From Corsica, Capturing The Secrets Of The World's Best Sorbet
SAGONE - Ecstatic strawberry; erotic nougat; the forgotten flavours of violets, helichrysums, and Persian black limes... Can ice-cream contain a touch of genius? If it’s Pierre Geronimi making it, absolutely!
An artisanal ice-cream maker from the little village of Sagone, north of Ajaccio, this Corsican grew up surrounded by the sorbets that his father, a master ice-cream maker, used to make right here, between the beach and the rugged hillside, before delivering them all around the island in his refrigerated truck.
Now 44, Pierre Geronimi is at the top of his profession. While most artisanal ice-cream makers have no scruples about using frozen fruit purée, Geronomi invests all his money in buying fresh seasonal fruits and top-quality products. His creations feature predominantly, of course, all that Corsica has to offer: the wondrous flavors of Pascal Colombani’s melons, Florence Marsili’s honey, Alexia Santini’s pralines, Ivan Colona’s brocciu, Anna Nocera’s saffron, Paul and Jean-Pierre Caux’s helichrysums -- without forgetting the sensational lemons, grapefruits and Barbary figs grown on the east coast of the island.
Geronimi's passion is to work with the “crème de la crème” – the very best products in the world. “Xavier Burban’s strawberries from La Baule, Alain Abel’s vanilla from Tahiti," he says, starting to reel off the list, "Rossella Caruso’s almonds and pistachios from Sicily, Persian black limes, Medjool dates, garlic confit from Aomori in Japan, tobacco from Havana in Cuba, Sorrento grapes, Venezuelan rum, New Caledonian blue prawns…”
Like Japanese chefs
There is only one thing left to do once all these treasures are gathered: extract their frozen essence -- which has become the singular obsession of Geronimi’s life.
“How can you reduce the temperature of a product while keeping it as close as possible to its natural taste? How can you capture the flavor of a fruit without adding any sugar? At what temperature does a product offer the very best of itself?” These are the questions that Geronimi has been asking himself since he took over from his father more than 20 years ago.
Eric Briffard, head chef at the exclusive George V hotel in Paris, was the first top chef to recognize Geronimi’s talent. “Pierre Geronimi is an artist without equal, one of those rare people who knows how to stabilize products in a natural way," says Briffard. "Like Japanese chefs, he knows that between ‘too hot’ and ‘too cold’ there are an infinite number of nuances and stages.”
Photo: Glaces Geronimi
For example, chocolate and coffee are to be soaked in the best possible crème fraîche overnight at 50 degrees Celsius. Pistachio requires 60 degrees, praline 80. “My aim is to create a creamy, soft texture which awakens the taste buds and pays homage to the pure flavor of the product,” he explains. When it comes to sorbets, precision is key: “Wild marjoram must be infused for 12 minutes at 60 degrees Celsius: Any more, and the product is ruined; any less, and it’s not enough!”
While mango, strawberry and pear are enough on their own, other products need to be combined to truly bring out the best of their flavor -- like ginger and passion fruit, yellow tomato and rosemary, pepper and olive oil. “That’s the most exciting part!”
His peach and verbena sorbet, pale pink, almost the same shade as marble, exists on a whole new level of delicateness. First the verbena awakens your taste buds, attacks and rinses your palette, before giving way to the sweetness of the peach which transports your imagination to orchards hanging over an unknown sea.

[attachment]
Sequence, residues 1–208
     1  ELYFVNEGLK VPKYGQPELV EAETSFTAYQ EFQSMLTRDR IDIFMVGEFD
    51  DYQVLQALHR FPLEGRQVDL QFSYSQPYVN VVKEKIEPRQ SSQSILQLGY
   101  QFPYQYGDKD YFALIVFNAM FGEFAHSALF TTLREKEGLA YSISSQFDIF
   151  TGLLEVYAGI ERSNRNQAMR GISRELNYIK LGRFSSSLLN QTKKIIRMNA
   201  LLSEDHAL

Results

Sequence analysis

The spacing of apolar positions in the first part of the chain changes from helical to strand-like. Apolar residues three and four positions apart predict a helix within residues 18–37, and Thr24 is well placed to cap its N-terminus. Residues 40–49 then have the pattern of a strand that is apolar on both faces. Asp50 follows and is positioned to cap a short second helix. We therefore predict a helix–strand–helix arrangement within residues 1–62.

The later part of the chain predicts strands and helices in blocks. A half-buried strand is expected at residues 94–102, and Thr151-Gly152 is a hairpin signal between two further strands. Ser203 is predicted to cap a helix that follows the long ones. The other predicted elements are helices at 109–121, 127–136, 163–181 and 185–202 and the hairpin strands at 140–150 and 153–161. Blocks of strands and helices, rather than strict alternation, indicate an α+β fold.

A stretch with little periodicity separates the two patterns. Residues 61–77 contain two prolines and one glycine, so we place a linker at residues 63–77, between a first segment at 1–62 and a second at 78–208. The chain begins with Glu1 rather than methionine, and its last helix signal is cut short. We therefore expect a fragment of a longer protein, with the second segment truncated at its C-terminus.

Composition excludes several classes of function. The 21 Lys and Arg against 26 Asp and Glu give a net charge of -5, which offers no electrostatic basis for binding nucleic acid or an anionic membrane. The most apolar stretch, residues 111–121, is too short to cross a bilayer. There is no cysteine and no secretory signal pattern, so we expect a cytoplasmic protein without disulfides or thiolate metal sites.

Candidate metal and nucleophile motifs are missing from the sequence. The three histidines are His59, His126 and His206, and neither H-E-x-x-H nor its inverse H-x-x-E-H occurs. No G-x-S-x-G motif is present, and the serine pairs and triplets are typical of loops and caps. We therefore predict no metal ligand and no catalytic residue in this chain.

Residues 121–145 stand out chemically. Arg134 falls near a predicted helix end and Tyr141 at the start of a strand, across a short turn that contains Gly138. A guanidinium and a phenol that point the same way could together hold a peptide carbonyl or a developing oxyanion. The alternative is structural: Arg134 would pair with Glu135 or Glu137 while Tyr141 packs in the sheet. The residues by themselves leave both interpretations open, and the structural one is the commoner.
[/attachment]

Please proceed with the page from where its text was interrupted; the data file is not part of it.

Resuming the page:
Once soaked, Pierre measures the level of sugar in the fruit. “I don’t want people to be thirsty after eating my sorbets! They should quench your thirst, like pomegranate or watermelon sorbets. My favorite is Corsican grapefruit sorbet; the most difficult to make because I don’t add sugar to stabilize it.”
A flavor request from Qatar
Geronimi then pours everything (cream for ice-creams, syrup for sorbets) into his gelato machine which was made near Bologna, Italy. “This machine allows me to set the best temperature for each product, as well as the rotation speed of the paddle in order to obtain the texture that I’m looking for. There is plenty of air in the horizontal cylinders, which gives the ice-cream volume. The catch? The more air, the more money you save, but the weaker the flavors. That’s the principle that industrial Italian ice-cream is based on… For me, it’s the complete opposite: minimum air for maximum taste.”
After eight or ten minutes of stirring, the ice-cream comes out of the machine at -3 degrees Celsius: It is at this point that the aroma and flavor of the ice-cream are at their best. Stored at -20 degrees Celsius in the freezer (for no more than four months), Pierre Geronimi’s ice-creams are never hard, maintaining their creaminess and shine.
For those who might want to steal Geronimi’s tricks, he explains that there is no recipe. “Every day requires innovation. A strawberry picked in the rain is not the same as a strawberry picked when it's dry! You have to calculate the water present in the fruit before you can work with it. Therefore the recipe is never the same.”
In 2012, the French luxury conglomerate LVMH placed an order for ice-cream to be made from the best vintages of Veuve Clicquot champagne, one of the company’s subsidiaries. Accepting the challenge, Geronimi took six months to develop an unheard-of technique allowing champagne bubbles to be trapped inside the ice-cream: This sparkling dessert can be combined with top-of-the-range products like live royal Dublin Bay prawns marinated in green curry, citrus fruits and ginger.
The Sagone ice-cream maker is an artist, capturing the essence of things -- perhaps even of living beings. An emir from Qatar has already requested the ice-cream flavor of “a loved woman.”